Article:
He sounds nice.

But to anyone who witnessed the events of January 6, 2021, he also sounds familiar.

G. Gordon Liddy would admire the zip-ties
Let's first recall what Nazi √úberklutz was tasked to do. The head of the Nixon crime family, Don Richard himself, had viewed the publication of the Pentagon Papers, a lengthy analysis of the lies and disinformation that led in the 1960's to the Vietnam debacle, as somehow an attack on him. It was therefore imperative to do anything legal or otherwise he could to suppress the Papers or destroy Daniel Ellsberg, who made them public. Id. at 576-77.

Of course, G. Gordon Liddy believed (wrongly) that Ellsberg was a KGB agent and had burglarized the papers, id. at 586. This led him to justify any crime committed to re-elect Nixon (including breaking into the office of Ellsberg's psychiatrist and the DNC offices at the Watergate):

'in view of the thousands of bombings [Wrong – Ed.] . . . to say nothing of the murders of police just because they were police, the killing of judges [which also did not happen – Ed.]' – [Liddy] realized that for Nixon to fight coordinating to the normal procedures of democratic politics would have been just such a surrender.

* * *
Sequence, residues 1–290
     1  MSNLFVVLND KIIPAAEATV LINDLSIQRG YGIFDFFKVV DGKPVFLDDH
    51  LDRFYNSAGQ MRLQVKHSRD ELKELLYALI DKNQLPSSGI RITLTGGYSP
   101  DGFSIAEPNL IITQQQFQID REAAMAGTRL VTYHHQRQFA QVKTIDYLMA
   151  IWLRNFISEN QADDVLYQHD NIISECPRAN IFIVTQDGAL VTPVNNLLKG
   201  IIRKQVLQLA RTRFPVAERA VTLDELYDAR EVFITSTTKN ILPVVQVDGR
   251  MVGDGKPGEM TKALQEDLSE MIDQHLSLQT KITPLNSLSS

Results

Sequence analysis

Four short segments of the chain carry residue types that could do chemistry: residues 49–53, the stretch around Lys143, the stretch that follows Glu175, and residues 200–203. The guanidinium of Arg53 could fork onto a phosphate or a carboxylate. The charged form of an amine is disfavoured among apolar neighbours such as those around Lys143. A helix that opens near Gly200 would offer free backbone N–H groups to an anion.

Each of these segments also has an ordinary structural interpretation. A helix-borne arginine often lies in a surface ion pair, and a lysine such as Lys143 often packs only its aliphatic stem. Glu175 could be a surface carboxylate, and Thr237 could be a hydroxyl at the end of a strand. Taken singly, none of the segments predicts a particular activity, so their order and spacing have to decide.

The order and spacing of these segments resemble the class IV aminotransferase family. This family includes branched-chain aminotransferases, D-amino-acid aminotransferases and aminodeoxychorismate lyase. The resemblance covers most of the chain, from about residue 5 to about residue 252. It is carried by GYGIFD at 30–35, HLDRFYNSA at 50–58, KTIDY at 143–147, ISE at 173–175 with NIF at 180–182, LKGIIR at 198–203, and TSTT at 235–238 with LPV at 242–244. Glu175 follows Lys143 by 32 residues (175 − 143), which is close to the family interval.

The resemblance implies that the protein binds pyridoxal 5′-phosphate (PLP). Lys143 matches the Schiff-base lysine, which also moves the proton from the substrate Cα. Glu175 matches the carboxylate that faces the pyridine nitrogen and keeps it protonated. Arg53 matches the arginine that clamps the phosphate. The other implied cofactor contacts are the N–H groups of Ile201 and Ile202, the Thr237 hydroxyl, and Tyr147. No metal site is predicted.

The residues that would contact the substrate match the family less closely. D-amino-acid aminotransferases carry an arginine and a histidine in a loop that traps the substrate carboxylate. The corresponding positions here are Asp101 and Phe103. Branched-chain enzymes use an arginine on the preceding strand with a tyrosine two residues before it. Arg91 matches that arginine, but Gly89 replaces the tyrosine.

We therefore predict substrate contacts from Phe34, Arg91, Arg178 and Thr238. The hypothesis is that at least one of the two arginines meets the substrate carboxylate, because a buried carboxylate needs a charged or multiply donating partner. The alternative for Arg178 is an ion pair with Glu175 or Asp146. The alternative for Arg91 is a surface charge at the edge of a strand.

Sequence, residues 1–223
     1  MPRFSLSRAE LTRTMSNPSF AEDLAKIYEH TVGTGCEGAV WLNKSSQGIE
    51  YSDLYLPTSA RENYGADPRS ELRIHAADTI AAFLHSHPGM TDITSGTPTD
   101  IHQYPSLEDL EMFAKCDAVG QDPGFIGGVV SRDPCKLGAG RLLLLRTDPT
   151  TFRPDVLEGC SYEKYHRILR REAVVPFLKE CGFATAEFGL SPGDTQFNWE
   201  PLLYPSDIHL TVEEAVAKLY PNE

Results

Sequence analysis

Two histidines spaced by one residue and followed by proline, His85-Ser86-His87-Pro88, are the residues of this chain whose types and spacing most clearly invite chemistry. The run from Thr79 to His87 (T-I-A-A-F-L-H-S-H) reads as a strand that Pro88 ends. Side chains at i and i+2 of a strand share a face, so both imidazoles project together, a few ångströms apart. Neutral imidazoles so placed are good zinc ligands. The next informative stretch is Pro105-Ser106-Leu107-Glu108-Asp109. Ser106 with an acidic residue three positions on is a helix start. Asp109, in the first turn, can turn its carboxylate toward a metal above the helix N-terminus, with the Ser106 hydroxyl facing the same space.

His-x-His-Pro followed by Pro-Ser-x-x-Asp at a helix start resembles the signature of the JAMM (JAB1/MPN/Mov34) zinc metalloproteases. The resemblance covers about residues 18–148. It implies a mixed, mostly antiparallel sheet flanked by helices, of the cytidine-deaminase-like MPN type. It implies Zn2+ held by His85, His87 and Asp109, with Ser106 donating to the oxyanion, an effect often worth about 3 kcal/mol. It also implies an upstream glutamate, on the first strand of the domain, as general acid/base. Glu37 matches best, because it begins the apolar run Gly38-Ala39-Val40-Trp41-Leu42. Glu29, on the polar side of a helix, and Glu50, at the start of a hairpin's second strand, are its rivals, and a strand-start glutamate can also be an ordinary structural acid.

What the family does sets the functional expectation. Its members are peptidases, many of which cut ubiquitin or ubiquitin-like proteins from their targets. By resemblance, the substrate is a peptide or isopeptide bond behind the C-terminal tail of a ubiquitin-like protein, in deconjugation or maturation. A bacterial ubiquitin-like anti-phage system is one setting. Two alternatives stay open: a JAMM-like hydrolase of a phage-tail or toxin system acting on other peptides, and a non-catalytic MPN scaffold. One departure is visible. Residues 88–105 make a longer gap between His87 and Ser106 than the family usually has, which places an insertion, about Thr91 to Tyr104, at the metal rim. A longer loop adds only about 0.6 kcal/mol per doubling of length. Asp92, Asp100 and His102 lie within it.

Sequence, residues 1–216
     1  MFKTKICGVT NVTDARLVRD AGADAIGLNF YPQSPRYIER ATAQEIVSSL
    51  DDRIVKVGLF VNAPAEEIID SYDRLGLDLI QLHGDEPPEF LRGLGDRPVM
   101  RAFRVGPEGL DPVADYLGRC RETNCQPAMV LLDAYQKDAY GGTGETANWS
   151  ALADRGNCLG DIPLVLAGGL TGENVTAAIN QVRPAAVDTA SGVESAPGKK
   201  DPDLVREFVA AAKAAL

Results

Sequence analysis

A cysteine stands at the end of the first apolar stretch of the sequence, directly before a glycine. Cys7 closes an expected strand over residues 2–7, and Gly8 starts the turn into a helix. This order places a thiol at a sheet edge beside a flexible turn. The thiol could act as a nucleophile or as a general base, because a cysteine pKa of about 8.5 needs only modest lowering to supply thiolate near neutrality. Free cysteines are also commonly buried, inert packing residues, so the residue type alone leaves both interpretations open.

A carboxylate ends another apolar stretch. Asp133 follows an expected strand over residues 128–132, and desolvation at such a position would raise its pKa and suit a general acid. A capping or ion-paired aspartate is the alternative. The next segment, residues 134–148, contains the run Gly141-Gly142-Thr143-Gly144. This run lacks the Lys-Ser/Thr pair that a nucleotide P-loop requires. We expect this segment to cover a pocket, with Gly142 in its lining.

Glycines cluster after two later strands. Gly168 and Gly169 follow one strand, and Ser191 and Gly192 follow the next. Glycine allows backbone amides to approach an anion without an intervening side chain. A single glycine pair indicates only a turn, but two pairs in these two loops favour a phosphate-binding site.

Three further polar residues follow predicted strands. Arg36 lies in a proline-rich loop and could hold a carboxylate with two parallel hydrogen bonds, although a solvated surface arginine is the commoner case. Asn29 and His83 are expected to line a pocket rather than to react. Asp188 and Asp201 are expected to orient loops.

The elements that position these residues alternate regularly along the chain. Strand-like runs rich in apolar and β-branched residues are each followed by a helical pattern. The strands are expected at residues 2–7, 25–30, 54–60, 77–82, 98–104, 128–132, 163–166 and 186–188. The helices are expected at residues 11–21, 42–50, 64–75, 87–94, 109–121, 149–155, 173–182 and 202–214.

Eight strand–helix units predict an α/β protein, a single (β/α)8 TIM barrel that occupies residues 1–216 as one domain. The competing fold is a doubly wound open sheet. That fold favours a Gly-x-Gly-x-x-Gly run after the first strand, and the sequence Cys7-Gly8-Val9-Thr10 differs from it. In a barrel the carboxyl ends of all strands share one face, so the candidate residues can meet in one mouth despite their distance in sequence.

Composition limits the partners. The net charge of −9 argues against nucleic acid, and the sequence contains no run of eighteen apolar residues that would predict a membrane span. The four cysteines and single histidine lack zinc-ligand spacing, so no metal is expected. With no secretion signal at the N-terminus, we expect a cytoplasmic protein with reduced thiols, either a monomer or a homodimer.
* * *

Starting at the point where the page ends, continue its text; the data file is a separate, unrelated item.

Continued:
Id.

The paranoia.

The lust for violence

The neo-Nazi willingness to follow the orders of depraved strongmen.

The glorification of white supremacy.

The inability to hold an honest job.

Now does he sound familiar to you?  

The Republican paranoid mindset that invented wild conspiracies that supposedly justified crimes and election rigging by Liddy in 1972 was on fulsome display during the late regime of the Former Loser Grifter and used once again to justify assaults on democracy and even violent insurrection: